A swordsmith colleague of mine, Dan Maragni, once related an anecdote that he found profound. He was transporting a sword he had made from his home to his car when a child saw him and asked, innocently enough, “Hey mister, is that sword real?” He recalled how the child’s question made him stop and consider it at face value for a moment: here was a tool he had constructed by hand in a manner he knew was only a loose approximation of how a historical blade would have been produced, and which he had created based on information he knew was only a rough estimate of the geometry and profile of the original specimen it was taken from.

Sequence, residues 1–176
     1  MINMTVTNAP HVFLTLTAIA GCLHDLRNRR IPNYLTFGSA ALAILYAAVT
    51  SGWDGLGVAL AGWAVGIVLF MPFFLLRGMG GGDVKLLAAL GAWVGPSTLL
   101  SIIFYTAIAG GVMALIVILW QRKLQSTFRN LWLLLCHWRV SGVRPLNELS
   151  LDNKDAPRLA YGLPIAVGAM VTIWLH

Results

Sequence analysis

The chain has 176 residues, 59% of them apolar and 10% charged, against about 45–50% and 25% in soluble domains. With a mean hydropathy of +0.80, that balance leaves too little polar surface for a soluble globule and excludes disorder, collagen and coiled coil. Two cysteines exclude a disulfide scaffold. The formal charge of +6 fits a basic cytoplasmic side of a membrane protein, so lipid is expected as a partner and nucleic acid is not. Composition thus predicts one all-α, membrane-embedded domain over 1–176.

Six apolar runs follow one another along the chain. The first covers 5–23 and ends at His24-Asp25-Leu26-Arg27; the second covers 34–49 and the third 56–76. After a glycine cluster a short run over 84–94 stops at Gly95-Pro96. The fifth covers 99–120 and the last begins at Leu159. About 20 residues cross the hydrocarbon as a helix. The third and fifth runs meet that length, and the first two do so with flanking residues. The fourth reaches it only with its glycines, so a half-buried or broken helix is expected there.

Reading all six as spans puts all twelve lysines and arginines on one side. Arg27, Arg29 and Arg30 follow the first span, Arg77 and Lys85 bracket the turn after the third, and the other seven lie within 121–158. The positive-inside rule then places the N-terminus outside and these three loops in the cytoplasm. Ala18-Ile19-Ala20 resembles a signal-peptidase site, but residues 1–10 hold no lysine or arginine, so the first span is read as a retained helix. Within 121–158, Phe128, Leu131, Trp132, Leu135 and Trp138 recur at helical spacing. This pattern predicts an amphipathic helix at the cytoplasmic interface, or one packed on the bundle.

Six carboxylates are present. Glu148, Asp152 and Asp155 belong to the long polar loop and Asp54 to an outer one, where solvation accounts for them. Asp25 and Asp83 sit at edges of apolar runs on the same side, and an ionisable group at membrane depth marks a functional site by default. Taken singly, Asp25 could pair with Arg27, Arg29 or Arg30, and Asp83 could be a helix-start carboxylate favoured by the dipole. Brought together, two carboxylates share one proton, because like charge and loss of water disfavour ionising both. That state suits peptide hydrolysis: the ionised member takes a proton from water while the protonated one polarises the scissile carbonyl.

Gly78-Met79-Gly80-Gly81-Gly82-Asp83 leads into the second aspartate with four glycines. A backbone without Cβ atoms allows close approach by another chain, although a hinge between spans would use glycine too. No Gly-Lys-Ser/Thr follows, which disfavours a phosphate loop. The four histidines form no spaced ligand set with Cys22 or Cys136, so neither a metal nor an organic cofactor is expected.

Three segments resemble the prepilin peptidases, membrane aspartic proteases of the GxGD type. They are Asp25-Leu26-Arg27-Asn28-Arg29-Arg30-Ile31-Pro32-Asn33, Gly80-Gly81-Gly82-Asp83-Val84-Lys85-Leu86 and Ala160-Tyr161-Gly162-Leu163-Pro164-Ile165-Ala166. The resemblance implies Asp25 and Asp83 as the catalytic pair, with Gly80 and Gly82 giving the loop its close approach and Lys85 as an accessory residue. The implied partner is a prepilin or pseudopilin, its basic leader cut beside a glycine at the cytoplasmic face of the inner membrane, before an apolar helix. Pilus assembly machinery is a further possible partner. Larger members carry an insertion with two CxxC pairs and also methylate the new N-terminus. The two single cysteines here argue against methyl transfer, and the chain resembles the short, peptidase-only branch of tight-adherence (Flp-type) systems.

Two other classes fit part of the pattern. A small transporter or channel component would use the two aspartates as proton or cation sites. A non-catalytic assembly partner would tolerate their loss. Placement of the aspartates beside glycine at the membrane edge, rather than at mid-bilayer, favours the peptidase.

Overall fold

Yet, in essence it was certainly a “sword” by definition. He realized, logically, that you can take most any piece of modern steel, grind it into some sort of blade shape, heat-treat it in some way so it's hard yet flexible, put some sort of handle grip on it, and finally, sharpen it to some degree (or not) and it will certainly be capable of killing. It will be a functional weapon in some regard –but is it a real sword?
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